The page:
An Old-School Design Feature That’s Making a Comeback
Whether you call it lattice, trelliage, trellage —or the more French treillage — the look of latticework layered over an interior wall has always been a favorite. Popularized by the fabulous Elsie de Wolfe (though earlier surviving examples of this artform date back to the late 19th century), the style fell out of fashion for its formal feel.
It’s also a decor technique that can be tricky to master. I think many of us will recall the brief ’90s revival that was perhaps fueled by DIY shows on the Discovery Channel. Yet, when done professionally, it’s gorgeous — though undeniably aspirational. Take this elegant space in a private home by designer Margaret Bosbyshell (above). Technically, the room is a ladies’ drinking parlor (which might be one of the most delightful-sounding ideas for an “extra” room in a fabulous estate). The trellised white-on-white wall and ceiling add a little architecture interest without overwhelming the room.
Nathan Turner uses a gray-blue trellis and overlays in this powder room, showing how brilliantly trelliage can work in small rooms. Though it would be “a lot of look” in a bigger room, it somehow doesn’t feel very busy in the pint-sized space. Perhaps it’s due to the uniform color of all the dimensional elements and the subtle contrast of the wall color.
This bright and open solarium, seen in Southern Living, was a formerly closed-up home office. Layering latticework over a mirrored wall made the small space appear even larger.
Peter Rogers renovated his New Orleans home, and included trellised walls, painted his favorite shade of kermit green, as an homage to de Wolfe’s Villa Trianon in Versaille. The elegant color, and combined animal prints, add a little gravitas.
Yet a more marked contrast also works beautifully with trelliage, as seen in this chic hall in a Bahamas home by designer Amanda Lindroth. The painted terra cotta tiles also subtly pick up the color scheme and shape of the trellis panels.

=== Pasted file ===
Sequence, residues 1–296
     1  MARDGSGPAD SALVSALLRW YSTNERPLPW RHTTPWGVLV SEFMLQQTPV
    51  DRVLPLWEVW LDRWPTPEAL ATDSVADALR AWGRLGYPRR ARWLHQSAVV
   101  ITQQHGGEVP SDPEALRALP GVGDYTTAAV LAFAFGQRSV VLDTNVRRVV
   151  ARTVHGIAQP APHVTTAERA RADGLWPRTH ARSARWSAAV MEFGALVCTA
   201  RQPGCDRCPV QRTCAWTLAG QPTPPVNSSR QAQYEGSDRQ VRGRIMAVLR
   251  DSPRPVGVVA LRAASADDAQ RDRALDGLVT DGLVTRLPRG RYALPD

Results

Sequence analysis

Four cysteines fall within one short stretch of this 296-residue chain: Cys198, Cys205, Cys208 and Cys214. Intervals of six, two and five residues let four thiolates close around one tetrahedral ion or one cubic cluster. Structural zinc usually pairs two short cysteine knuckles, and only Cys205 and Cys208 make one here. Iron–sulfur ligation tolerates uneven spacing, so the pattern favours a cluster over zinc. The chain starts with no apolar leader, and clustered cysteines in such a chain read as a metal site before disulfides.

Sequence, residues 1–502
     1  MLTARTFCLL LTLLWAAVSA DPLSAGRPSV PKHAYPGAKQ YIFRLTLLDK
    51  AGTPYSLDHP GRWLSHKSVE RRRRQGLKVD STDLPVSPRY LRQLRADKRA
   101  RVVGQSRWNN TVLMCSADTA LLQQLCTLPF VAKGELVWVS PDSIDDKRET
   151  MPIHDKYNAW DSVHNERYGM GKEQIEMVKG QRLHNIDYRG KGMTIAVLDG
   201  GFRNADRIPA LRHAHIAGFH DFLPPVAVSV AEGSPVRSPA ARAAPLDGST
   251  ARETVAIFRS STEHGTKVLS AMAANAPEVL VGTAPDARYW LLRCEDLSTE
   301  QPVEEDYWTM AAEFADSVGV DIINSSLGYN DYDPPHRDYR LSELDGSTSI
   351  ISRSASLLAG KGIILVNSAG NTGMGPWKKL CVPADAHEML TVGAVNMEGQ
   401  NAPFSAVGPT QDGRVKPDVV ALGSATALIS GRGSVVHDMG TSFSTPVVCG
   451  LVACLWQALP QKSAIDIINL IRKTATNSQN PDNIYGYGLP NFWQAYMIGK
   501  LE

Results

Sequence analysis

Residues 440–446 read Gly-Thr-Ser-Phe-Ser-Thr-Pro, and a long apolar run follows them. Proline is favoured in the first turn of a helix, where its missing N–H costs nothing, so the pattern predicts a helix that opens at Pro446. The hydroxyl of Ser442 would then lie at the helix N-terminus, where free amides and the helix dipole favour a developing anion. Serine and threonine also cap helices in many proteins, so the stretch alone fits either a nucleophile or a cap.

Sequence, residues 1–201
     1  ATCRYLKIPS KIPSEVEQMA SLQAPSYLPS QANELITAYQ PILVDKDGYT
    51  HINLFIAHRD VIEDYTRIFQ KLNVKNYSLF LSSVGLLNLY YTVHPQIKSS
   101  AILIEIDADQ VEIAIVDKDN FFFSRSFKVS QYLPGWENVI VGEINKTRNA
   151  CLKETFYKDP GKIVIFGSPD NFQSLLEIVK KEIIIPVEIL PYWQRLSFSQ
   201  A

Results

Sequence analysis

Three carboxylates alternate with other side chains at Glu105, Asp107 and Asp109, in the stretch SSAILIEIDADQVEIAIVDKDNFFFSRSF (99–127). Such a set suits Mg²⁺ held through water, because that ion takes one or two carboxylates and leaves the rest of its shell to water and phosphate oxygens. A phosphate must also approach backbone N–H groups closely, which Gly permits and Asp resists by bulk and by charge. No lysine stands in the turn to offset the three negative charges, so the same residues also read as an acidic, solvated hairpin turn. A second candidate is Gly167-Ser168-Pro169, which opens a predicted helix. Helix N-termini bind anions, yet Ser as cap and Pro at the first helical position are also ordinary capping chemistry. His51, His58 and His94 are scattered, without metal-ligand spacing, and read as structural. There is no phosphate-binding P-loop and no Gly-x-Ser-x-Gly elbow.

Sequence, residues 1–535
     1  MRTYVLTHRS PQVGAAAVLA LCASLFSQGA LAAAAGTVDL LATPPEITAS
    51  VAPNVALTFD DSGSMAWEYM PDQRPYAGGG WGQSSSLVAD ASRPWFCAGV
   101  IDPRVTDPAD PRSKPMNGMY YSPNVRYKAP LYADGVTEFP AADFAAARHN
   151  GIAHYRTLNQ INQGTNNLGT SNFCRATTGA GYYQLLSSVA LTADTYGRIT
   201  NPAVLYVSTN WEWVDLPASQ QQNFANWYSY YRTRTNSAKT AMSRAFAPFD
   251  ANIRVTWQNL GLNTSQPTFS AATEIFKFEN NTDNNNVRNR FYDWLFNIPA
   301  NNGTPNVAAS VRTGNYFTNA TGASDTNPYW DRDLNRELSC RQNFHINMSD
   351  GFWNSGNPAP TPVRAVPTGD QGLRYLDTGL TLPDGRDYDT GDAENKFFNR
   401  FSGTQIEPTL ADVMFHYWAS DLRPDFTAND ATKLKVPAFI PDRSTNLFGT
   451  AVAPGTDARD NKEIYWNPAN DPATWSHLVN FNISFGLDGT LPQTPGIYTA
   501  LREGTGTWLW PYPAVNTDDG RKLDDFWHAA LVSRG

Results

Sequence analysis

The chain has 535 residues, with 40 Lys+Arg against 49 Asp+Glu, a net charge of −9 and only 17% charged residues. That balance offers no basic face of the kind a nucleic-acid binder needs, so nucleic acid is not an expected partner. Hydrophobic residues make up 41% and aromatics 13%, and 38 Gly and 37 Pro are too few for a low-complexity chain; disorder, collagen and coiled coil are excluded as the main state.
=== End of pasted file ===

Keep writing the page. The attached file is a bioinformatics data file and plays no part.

In this Connecticut home by designer Ashley Whittaker, the white trellis over green walls, and blue accents, really gives the space a garden feel.
If you love the look and texture of the latticework, but aren’t quite into the Palm Beach or French vibe, check out Sarah Ruffin Costello’s New Orleans home, which layers the wood over glass, instead of a solid wall. The added arch detail turns out more Bohemian or Moroccan, and is seriously beautiful.
And here’s another twist. Instead of the classic white or pastels that we usually see, Michelle Nussbaumer used a black trellis in this lush, travel-inspired room.
Designer Shelley Johnstone Paschke goes white-on-white for the trellis and wall color, letting the ceiling act as contrast in a Lake Forest home.
It doesn’t get any more aspirational than a Palm Beach mansion, but we definitely daydream about the morning room of Terry Allen Kramer, as featured in Jennifer Ash Rudick’s Palm Beach Chic. Here, the trellis furthers the indoor-outdoor feel of this room.
If you’re interested in trying out trellis, there are a few ways to get the look. For one, you could go to your local hardware store and get bargain-priced trellis (usually around $4 a foot), paint it, then do the cutting and installation yourself (or hire a carpenter for help). You could also opt for trompe l’oeil wallpaper. While it does lack the dimensional quality close-up, the covering is very decorator-approved.
After all, if it was good enough for Sister Parish for the above interior, it’s good enough for everyone else.